Ainhice-Mongelos is a commune in the Pyrénées-Atlantiques department in the Nouvelle-Aquitaine region in southwestern France. It is located in the former province of Lower Navarre; the inhabitants of the commune are known as Monjolostars. The town is part of the country Basque province of Cize of Lower Navarre, it is located in the Pyrenees mountains some 40 km in a direct line southeast of Bayonne and about 15 km northeast of the Spanish border. The commune is farmland with scattered small forests. Access to Ainhice-Mongelos is via the Highway D933 which runs northeast from Saint-Jean-le-Vieux which runs from southwest to northeast along the eastern side of the commune through the village of Mongelos continues northeast, ending near Saint Palais. Just south of the commune at Lacarre, the Highway D422 branches from the D933 to the northwest and passes through the western side of the commune, ending at Lopeenia just to the west of the commune. No other highways enter the commune; the village of Anhice-Mongelos can be reached by a country road from the D933 at Mongelos or by any of the many country roads which cover the commune.
In the Drainage basin of the Adour, the commune is traversed by a tributary of the Nive, the Lakako erreka and, a tributary of the Laurhibar, the Arzubiko erreka and by tributaries of the latter, the Bassaguibeléko erreka and the Idiondoa brook. The Artikaitéko erreka which flows into Bidouze passes through the commune; the name of the commune in Basque is Ainhize-Monjolose. According to Jean-Baptiste Orpustan the origin of the name Ainhice remains unknown. According to Brigitte Jobbé-Duval Mongelos is a Gascon name meaning Mont Jaloux; the following table details the origins of the commune name and other names in the commune. Sources: Orpustan: Jean-Baptiste Orpustan, New Basque Toponymy Mérimée: Presentation of Ainhice-Mongelos on the Ministry of Culture database. Raymond: Topographic Dictionary of the Department of Basses-Pyrenees, 1863, on the page numbers indicated in the table. Origins: Pamplona: Titles of Pamplona Biscay: Martin Biscay Navarre: Regulations of the States of Navarre Camara: Titles of the Camara de Comptos Ohix: Contracts of Ohix Bayonne: Visitations of the Diocese of Bayonne The medieval village of Mongelos was established in 1240 as subject to the King of Navarre.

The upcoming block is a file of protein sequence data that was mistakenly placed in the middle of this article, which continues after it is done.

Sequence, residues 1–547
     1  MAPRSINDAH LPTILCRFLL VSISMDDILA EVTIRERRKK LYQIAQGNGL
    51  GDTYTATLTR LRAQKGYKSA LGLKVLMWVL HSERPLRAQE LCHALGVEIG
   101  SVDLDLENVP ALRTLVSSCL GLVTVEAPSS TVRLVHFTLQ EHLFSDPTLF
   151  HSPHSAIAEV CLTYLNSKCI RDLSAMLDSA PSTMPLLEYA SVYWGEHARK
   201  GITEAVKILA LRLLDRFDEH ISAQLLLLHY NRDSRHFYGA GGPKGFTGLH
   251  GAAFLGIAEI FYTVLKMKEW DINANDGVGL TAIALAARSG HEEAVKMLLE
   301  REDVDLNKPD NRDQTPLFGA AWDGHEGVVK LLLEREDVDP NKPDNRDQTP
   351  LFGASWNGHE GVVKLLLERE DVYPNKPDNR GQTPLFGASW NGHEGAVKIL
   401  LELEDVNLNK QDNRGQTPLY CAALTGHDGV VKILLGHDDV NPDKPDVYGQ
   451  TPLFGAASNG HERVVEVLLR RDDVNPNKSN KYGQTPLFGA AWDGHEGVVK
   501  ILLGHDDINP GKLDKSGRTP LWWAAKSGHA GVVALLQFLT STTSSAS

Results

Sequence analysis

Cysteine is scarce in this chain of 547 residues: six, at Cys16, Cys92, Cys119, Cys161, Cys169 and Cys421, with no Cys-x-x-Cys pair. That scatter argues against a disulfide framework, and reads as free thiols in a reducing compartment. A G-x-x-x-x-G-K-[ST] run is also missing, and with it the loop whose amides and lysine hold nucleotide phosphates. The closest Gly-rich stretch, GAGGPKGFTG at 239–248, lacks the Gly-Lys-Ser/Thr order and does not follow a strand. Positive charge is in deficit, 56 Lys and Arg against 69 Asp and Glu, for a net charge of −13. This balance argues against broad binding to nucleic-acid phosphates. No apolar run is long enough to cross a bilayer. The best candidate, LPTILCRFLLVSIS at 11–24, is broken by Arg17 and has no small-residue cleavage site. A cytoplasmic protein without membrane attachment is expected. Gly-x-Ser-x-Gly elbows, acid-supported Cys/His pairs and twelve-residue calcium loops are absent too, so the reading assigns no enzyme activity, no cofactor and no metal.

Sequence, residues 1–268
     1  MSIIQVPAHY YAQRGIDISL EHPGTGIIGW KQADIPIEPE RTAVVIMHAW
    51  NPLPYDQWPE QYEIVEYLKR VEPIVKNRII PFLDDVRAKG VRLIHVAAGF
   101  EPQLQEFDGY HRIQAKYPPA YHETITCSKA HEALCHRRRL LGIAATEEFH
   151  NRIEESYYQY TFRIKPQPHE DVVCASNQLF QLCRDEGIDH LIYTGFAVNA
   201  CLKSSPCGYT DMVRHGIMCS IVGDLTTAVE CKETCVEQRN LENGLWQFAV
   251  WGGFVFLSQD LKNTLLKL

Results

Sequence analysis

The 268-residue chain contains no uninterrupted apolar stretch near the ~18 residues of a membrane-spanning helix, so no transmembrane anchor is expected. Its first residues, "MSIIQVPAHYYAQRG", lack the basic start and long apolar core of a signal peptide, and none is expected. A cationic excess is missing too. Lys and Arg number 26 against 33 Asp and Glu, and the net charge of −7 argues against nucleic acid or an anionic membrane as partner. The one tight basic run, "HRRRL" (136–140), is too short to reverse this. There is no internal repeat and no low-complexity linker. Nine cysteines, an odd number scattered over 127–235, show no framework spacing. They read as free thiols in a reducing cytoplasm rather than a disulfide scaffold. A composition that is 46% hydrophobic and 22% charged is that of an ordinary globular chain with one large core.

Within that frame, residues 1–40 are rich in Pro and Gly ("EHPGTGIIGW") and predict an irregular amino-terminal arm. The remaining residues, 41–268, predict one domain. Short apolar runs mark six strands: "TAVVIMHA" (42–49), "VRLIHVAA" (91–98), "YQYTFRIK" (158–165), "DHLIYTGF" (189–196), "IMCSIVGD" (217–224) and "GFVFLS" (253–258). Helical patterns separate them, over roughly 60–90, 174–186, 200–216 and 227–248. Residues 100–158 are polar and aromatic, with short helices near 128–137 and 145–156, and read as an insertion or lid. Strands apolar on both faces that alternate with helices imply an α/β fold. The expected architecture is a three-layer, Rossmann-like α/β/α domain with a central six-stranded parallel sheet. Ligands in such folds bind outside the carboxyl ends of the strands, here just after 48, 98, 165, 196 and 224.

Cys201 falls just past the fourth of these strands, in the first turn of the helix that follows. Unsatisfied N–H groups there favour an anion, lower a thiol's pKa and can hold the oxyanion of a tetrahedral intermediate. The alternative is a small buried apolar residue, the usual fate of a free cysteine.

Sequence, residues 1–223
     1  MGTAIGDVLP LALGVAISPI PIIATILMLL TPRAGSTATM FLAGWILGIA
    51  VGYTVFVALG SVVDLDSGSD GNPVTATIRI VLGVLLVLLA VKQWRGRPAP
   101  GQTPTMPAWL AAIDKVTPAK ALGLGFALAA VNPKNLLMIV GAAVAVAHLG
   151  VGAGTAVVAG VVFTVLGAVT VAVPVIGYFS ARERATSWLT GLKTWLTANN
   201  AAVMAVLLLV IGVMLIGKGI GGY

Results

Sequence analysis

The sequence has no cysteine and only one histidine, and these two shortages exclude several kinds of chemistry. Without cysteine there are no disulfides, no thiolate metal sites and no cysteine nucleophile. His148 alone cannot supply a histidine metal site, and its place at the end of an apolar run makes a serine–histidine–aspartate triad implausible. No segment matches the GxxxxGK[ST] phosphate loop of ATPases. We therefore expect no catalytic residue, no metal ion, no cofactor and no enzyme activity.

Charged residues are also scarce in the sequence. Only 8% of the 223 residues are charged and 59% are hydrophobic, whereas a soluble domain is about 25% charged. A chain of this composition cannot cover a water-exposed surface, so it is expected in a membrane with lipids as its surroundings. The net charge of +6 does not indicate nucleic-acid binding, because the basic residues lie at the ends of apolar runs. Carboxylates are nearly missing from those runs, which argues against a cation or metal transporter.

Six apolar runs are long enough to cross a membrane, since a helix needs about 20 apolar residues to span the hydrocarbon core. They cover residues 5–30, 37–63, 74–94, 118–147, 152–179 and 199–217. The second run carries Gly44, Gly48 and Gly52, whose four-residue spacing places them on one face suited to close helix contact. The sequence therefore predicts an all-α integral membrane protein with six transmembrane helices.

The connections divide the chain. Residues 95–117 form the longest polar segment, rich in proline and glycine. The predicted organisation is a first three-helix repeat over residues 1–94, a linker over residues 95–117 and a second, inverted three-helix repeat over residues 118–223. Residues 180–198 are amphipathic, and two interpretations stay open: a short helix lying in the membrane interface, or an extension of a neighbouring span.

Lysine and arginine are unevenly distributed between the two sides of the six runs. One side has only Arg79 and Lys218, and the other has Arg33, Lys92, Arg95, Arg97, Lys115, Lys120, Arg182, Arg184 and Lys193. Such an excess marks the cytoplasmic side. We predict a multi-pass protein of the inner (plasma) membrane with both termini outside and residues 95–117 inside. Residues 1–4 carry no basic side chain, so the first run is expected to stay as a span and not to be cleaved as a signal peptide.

Subject to Ainhice, they were reunited on 16 August 1841. List of Successive Mayors of Anhice-Mongelos The commune belongs to seven inter-communal organisations: the community of communes of Garazi-Baigorri the AEP union of Ainhice the energy union of Pyrenees-Atlantiques the school union for RPI Ainhice-Gamarthe-Lacarre the inter-communal association for the development and management of the abattoir at Saint-Jean-Pied-de-Port the joint association for the watershed of the Nive the union to support Basque culture. Economic activity is agricultural; the town is part of the zone of appellation of Ossau-iraty. Euskal Herriko Laborantza Ganbara or the "Chamber of Agriculture for the Basque Country" is an association under the law of 1901 founded on 15 January 2005 and is headquartered in Ainhice-Mongelos. According to the Map of the Seven Basque Provinces published in 1863 by Prince Louis-Lucien Bonaparte, the dialect of Basque spoken in Ainhice-Mongelos is eastern low Navarrese. Several houses and farms are registered as historical monuments.
These are: Houses and Farms Barnetxea Farm Elizaldea Farm Etxeparea Farm Irazabalea Farm Church of the Assumption The town has a kindergarten. Communes of the Pyrénées-Atlantiques department AINHIZE-MONJOLOSE in the Bernardo Estornés Lasa - Auñamendi Encyclopedia Ainhice-Mongelos on Lion1906 Ainhice on the 1750 Cassini Map Ainhice-Mongelos on the INSEE website INSEE